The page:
It is well known that the bronchogenic cyst is a congenital lesion, which typically originates at the primitive foregut with abnormal budding. As reported in the literature, bronchogenic cysts occur in tissues of the mediastinum, lung parenchyma, pericardium, thymus, etc. However, they are rare to be found in the esophagus. Esophageal duplication cysts are also rare congenital cystic masses resulting from an error in foregut budding in the developing embryo, with a reported incidence of 1 in 8200 autopsies. Differentiation between bronchogenic cysts and esophageal duplication cysts is often nontrivial. Without pathological information, it is often difficult to make a clear diagnosis based only on preoperative testing. In general, 60% of cysts in the esophagus are located in the lower third, while the rest are located in the middle third and the upper third (17% and 23%, respectively). In contrast to esophageal cysts, bronchogenic cysts are diagnosed based on the presence of cartilage. It is believed that Palmer's pathologic criteria may be useful for the differentiation of bronchogenic from esophageal duplication cysts: (1) an attachment to the esophageal wall, (2) the gastrointestinal tract epithelium exists, and (3) two layers of muscularis propria are presented. In conclusion, it is meaningless to distinguish between bronchogenic cyst and esophageal duplication cyst without pathology. The standard therapy is surgical resection. Compared to the diagnosis of esophageal duplication cysts, the diagnosis of bronchogenic cysts must meet the following criteria: (1) the cyst is covered with one layer of muscularis propria, (2) the cyst has a ciliated epithelium, and (3) there should be an occasional cartilaginous component inside the cyst. Sometimes, with computed tomography and magnetic resonance imaging, the type of cysts could be appropriately revealed. However, to distinguish cystic from solid masses, the means of endoscopic ultrasonography are considered as sensitive. It helps facilitate the diagnosis of intramural esophageal lesions, attributing to its ability to distinctly profile elements of the size, layer of origin, and the relationship of the cyst to the esophagus. Meanwhile, new reports have revealed that CA125 and CA199 are positive expressions in cyst sections as demonstrated by immunohistochemical staining. Therefore, the measurement of CA199 and CA125 levels may be of diagnostic value when considering a bronchogenic cyst of the esophagus.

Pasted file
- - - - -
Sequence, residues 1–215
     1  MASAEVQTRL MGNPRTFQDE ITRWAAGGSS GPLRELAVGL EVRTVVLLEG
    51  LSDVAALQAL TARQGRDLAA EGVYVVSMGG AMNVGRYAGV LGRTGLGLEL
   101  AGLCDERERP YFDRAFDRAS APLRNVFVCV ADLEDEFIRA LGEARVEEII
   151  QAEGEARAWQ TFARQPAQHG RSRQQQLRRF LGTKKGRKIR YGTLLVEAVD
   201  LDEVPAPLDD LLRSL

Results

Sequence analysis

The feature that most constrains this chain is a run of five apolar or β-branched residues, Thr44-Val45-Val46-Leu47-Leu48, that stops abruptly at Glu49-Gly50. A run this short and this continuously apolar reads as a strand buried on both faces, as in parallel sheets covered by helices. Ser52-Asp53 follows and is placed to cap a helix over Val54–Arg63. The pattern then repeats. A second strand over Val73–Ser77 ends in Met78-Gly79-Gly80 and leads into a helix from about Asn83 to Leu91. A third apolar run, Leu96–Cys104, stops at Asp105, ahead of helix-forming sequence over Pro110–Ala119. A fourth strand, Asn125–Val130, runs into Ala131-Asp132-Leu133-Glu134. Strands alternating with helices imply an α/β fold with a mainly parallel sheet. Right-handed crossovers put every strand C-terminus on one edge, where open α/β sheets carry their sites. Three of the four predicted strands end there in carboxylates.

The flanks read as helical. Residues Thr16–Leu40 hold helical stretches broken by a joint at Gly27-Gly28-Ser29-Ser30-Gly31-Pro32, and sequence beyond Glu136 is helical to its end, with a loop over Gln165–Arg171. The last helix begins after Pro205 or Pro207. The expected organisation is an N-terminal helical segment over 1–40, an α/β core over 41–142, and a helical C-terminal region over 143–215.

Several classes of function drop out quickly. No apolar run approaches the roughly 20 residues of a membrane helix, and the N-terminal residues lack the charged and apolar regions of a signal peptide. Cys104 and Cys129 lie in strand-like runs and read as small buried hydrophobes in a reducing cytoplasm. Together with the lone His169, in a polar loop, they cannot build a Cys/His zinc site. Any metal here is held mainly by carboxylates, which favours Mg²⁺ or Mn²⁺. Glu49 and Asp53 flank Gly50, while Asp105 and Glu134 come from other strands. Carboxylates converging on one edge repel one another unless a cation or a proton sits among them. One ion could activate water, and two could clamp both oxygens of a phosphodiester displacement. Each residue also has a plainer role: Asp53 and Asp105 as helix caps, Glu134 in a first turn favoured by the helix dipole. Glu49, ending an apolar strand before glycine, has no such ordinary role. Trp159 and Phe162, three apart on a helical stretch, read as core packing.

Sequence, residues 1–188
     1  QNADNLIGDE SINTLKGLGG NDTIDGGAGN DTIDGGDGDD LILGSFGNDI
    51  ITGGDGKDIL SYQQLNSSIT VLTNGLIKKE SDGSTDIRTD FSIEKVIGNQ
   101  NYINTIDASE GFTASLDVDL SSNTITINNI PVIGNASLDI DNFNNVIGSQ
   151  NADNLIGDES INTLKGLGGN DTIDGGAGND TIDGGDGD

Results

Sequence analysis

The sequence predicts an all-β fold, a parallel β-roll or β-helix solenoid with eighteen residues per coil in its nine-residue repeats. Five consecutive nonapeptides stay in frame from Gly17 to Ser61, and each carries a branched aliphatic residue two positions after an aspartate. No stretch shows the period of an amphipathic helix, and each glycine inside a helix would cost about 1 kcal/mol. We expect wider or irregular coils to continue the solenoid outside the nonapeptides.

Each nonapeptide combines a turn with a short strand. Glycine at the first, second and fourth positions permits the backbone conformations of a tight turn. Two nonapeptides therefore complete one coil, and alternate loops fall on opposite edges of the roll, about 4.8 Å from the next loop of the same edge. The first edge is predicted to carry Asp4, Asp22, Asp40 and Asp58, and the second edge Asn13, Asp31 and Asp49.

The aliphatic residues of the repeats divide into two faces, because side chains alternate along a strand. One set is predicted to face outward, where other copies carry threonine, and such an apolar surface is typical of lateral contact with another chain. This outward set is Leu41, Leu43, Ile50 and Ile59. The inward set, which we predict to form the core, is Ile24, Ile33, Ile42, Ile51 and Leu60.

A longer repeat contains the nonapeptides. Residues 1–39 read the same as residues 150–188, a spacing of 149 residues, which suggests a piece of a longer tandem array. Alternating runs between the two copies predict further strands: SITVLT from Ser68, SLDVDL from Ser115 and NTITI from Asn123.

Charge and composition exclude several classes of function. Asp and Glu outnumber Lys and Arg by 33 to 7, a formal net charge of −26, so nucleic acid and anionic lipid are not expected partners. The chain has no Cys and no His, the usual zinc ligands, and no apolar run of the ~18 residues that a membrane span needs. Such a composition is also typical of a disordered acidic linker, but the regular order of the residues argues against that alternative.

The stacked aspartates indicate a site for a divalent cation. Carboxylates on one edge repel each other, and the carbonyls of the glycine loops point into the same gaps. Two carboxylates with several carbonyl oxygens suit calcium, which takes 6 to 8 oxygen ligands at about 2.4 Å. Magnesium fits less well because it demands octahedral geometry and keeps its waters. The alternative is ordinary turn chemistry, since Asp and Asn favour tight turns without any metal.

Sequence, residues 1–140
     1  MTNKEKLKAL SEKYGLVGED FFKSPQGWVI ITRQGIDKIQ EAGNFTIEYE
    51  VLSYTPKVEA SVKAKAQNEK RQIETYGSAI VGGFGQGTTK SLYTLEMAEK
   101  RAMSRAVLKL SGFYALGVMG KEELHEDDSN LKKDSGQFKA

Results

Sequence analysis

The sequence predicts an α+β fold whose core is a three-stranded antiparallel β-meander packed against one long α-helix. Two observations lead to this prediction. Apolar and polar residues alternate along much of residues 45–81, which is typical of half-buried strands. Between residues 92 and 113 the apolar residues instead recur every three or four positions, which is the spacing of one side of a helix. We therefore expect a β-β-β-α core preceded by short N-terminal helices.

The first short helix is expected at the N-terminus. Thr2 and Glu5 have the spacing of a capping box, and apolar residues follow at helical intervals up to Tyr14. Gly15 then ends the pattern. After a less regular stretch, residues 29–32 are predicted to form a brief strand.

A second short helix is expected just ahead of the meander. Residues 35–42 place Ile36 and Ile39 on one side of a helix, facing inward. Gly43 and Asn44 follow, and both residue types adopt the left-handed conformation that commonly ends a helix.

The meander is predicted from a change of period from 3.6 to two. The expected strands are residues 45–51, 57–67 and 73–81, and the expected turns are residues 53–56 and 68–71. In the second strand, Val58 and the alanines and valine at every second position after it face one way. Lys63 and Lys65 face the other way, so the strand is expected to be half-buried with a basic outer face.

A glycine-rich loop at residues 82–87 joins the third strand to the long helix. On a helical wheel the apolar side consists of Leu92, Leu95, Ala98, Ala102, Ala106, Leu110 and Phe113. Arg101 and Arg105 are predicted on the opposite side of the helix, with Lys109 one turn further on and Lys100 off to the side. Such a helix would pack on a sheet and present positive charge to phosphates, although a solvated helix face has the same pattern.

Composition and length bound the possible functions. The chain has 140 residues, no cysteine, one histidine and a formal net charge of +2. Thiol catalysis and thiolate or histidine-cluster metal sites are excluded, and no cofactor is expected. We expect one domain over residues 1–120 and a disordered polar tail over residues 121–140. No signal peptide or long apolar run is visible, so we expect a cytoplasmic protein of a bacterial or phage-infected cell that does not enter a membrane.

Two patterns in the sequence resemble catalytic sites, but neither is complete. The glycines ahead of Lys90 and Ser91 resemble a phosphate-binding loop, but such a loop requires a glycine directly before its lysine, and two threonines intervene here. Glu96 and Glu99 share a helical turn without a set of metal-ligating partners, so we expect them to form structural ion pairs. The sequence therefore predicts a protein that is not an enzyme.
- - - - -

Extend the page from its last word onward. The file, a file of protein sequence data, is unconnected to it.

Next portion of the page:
Depending on the position of the cyst, different approaches are applied for the removal. The most common location of these cysts is in the middle and superior mediastinum. Completely intra-abdominal esophageal bronchogenic and esophagogastric junction cysts are rare. Thoracotomy or video-assisted thoracoscopic surgery is typically performed when the mass location is in the middle and superior mediastinum. Open or laparoscopic surgery is typically performed when the mass location is in inferior segmental esophagus and esophagogastric junction., As for submucosal tumors arising from the muscularis propria, the endoscopic submucosal tunnel dissection (ESTD) is a novel method. Endoscopic ultrasound fine-needle aspiration (EUS-FNA) of the lesion can be performed, if a clear diagnosis is confirmed before the operation; however, antibiotic prophylaxis and proton-pump inhibitors should be considered to avoid infection and esophageal fistula.